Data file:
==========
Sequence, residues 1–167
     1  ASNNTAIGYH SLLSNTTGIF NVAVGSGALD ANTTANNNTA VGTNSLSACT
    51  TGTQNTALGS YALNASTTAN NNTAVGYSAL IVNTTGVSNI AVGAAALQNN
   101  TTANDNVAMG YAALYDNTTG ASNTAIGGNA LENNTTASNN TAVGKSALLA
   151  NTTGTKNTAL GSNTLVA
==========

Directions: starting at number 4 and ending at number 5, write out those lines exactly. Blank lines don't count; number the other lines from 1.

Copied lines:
   101  TTANDNVAMG YAALYDNTTG ASNTAIGGNA LENNTTASNN TAVGKSALLA
   151  NTTGTKNTAL GSNTLVA